The Federal Reserve on Wednesday said it would deploy its "full range of tools" to support the US economy as the coronavirus pandemic continues to wreak havoc.
"The coronavirus outbreak is causing tremendous human and economic hardship across the United States and around the world," the committee said in a statement.
Policymakers agreed following their two-day meeting in Washington to maintain interest rates in the range of zero to 0.25%, as they continue to see signs of a badly damaged economy.
Earlier Wednesday, a preliminary first-quarter GDP report showed the economy contracted by 4.8% between January and March, its worst performance since the final quarter of 2008. Since mid-March, 26.5 million Americans have filed for first-time unemployment benefits, with another 3.5 million expected to show up in Thursday's jobless claims report. The unemployment rate is expected to surge to 14% in April, according to economists polled by Refinitiv.
"I don't think [unemployment] will get anywhere near the historically low levels that we had as recently as February -- 3.5%," said Fed Chairman Jerome Powell in Wednesday's press conference. "It will take time for that to happen for to us get back to anything that resembles maximum employment."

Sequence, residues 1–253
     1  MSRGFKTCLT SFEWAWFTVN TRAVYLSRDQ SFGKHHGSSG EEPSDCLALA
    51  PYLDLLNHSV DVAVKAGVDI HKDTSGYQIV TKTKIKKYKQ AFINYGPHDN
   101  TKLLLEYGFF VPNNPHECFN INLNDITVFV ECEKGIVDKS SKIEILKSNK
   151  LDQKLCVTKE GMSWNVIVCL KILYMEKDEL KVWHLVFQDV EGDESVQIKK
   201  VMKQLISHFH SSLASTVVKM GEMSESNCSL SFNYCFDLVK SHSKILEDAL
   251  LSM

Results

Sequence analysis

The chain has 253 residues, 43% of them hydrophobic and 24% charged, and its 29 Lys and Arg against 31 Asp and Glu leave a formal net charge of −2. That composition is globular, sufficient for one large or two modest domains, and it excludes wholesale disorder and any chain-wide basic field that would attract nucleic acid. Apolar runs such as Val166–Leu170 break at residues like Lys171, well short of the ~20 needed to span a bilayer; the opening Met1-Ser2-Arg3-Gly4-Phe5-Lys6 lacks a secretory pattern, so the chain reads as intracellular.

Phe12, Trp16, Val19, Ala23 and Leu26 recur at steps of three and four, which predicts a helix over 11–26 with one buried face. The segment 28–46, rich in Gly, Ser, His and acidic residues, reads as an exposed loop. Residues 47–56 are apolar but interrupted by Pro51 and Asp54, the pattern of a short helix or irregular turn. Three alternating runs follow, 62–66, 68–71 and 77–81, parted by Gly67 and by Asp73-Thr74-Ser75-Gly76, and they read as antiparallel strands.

Despite the economic hardship, Powell spoke out in favor of stay-at-home policies as an "investment in our individual and collective health." That said, the economy might need more help to get through the crisis, he said during the press conference.
Economists predict US GDP could contract by as much as 40% on annualized basis between April and June.
The central banks slashed rates in March to prevent an even worse economic fallout from the coronavirus crisis. In addition to cutting rates, it unleashed billions of dollars into the economy to provide liquidity for various lending markets, including the municipal bond market in which states borrow money. The Fed said it will also continue to purchase Treasury securities and residential and commercial mortgage-backed securities to keep those markets liquid and functioning. And the it will continue to offer large-scale repurchase agreements to keep the crucial overnight lending market from collapsing.
Powell, as well as several other Fed board members, have spoken out against dropping rates into negative territory, as some other central banks have done.
"Currently the Fed is essentially pushing harder on the same old levers. We know from the financial crisis that those levers aren't enough to bring about the sustainable growth, inflation and higher rates that everyone wants," said James McCann, senior global economist at Aberdeen Standard Investments.
The central bank needs to be bolder instead of resting on its laurels, and increase the scale and scope of its credit easing measures, McCann said.